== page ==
Let's look at some advantages and disadvantages of email over other communication methods:
Ok, enough with the basics. Let's now discuss the underlying protocols of email in detail, starting with SMTP.
SMTP stands for simple message transfer protocol. It is a naive protocol and is very simple to understand and use. The original specifications are published under RFC 821 in 1982. It has been revised many times, and you will see lot more features and specifications added under RFC 5321.
SMTP protocol is an application layer protocol in the OSI Model. When a user logs in to an email server, a TCP connection between the client and the server is established. When the mail server receives a TCP connection, it initiates a connection on port 25 by default. Once the connection is made successfully, information will be exchanged between the sender and receiver.
User-Agent: A user agent refers to the mail client at both sender and receiver ends. A mail client can be anything like Thunderbird, Microsoft Outlook, and web clients like Gmail.
Let's see how this email travels all the way from the sender to receiver:
At any point in time, the receiver can open his/her mail client and read the incoming mail.
In addition to SMTP, there are two other commonly used protocols for emails, which are POP3 and IMAP.
POP stands for post office protocol. The digit next to it is just to denote the version of POP. POP simply says that once a message is received by the client, then that message will be deleted from the server. This means that you can access an incoming mail only from a single device. If you want to access the mail from multiple devices, then you should explicitly mark the mail so that it would not be deleted from the server. The main advantage of POP is that the server will not be overwhelmed by message storage; the storage limited only by the capacity of your device.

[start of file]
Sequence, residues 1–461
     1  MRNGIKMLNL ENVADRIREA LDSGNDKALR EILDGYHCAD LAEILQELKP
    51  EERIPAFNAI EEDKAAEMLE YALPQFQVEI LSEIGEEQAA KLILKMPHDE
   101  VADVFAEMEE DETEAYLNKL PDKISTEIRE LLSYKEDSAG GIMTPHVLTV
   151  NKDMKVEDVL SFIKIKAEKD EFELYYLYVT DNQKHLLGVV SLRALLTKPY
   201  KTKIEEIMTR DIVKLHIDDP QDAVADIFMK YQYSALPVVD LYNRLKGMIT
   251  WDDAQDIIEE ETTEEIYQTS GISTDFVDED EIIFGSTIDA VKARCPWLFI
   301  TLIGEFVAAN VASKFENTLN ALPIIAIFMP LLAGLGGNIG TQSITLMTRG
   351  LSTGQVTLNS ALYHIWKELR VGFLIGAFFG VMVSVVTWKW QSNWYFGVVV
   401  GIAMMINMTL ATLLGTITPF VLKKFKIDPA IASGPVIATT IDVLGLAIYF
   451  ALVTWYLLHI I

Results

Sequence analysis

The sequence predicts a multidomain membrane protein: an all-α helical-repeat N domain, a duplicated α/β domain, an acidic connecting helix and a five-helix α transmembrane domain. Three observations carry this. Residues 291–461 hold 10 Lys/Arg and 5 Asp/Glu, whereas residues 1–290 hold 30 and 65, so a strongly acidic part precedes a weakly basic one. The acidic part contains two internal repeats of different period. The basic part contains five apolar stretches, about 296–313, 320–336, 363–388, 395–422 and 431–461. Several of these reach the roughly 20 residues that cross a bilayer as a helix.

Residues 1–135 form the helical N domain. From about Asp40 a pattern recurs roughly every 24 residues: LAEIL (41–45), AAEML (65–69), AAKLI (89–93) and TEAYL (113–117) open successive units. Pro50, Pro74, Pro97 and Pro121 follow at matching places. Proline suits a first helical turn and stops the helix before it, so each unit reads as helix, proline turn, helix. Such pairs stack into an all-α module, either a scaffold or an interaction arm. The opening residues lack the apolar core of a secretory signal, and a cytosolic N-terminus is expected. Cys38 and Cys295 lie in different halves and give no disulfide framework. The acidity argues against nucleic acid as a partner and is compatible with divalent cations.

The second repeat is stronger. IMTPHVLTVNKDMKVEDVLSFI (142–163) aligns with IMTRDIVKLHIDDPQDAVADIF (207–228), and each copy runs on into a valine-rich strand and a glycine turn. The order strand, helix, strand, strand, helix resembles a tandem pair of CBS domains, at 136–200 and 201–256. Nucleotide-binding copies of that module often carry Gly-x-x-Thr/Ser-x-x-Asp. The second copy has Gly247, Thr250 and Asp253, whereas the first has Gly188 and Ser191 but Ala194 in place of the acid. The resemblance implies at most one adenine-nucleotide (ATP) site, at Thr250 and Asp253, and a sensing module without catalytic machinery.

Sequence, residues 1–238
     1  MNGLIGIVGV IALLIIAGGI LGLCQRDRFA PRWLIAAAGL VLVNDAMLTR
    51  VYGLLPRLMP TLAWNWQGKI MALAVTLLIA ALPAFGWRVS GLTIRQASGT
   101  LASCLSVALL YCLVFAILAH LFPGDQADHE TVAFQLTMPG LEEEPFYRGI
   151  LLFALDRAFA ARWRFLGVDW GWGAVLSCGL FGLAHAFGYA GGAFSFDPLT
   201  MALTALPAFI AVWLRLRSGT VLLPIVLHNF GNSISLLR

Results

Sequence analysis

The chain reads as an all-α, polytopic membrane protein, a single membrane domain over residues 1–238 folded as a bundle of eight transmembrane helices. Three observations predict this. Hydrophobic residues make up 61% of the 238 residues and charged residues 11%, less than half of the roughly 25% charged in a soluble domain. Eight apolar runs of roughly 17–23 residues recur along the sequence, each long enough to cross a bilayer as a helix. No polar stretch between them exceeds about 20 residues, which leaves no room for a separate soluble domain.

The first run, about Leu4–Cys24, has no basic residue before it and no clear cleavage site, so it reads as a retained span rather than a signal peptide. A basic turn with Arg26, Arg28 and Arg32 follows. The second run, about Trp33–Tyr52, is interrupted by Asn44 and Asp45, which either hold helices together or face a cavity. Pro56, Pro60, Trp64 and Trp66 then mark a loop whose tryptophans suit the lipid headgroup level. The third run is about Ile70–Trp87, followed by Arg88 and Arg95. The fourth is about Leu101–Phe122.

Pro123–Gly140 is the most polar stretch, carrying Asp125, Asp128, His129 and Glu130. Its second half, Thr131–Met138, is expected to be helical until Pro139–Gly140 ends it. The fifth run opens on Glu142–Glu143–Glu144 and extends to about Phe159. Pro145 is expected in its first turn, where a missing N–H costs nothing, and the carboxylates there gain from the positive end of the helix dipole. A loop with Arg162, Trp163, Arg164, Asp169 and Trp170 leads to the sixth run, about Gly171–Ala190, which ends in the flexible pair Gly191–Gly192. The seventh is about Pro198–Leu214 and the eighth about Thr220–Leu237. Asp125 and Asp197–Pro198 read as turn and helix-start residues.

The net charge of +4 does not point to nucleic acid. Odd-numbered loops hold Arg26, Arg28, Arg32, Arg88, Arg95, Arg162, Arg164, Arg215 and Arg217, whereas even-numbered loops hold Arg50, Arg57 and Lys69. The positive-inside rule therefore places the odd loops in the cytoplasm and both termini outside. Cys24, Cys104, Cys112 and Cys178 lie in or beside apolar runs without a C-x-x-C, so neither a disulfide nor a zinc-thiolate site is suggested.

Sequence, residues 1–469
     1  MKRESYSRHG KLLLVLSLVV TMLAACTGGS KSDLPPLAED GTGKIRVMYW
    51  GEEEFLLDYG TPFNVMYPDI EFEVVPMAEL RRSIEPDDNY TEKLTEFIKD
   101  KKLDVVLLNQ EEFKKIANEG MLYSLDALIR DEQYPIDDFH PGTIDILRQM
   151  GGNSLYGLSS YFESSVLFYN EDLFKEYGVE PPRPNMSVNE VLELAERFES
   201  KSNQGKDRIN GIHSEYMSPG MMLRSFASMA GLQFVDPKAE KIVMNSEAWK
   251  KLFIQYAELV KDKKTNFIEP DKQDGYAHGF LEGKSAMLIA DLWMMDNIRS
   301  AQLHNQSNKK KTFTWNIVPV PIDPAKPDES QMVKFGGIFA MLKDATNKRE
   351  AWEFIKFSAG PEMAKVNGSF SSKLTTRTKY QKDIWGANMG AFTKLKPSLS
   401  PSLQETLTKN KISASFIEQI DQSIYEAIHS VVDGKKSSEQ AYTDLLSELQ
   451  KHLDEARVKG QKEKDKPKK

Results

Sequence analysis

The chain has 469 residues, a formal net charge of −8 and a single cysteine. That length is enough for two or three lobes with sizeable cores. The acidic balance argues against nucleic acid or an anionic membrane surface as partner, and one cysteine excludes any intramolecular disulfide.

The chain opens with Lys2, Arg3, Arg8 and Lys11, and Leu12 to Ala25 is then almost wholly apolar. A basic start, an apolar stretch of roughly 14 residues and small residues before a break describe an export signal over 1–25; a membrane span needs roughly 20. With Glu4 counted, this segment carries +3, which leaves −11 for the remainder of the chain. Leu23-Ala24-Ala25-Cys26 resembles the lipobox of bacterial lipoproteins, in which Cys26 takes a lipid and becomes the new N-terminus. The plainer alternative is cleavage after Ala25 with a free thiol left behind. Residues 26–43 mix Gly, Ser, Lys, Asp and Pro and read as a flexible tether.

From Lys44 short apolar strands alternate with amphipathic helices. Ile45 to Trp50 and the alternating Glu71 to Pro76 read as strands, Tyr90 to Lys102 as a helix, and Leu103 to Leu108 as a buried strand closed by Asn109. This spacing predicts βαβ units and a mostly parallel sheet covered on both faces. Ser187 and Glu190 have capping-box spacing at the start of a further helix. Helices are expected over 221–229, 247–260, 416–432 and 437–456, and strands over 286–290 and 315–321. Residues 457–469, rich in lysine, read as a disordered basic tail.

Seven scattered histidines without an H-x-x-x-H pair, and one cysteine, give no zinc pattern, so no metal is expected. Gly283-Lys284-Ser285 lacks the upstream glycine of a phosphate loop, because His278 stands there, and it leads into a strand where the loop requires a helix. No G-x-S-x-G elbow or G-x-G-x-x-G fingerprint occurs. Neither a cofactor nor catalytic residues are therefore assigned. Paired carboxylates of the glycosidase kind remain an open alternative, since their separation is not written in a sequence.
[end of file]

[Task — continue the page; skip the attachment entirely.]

IMAP stands for internet message access protocol. This protocol has all the features of what POP has. However, unlike POP, IMAP was made to have the emails available across multiple devices. If you receive an email using one client, you can still see the message on a different device because your mailboxes will be automatically synchronized.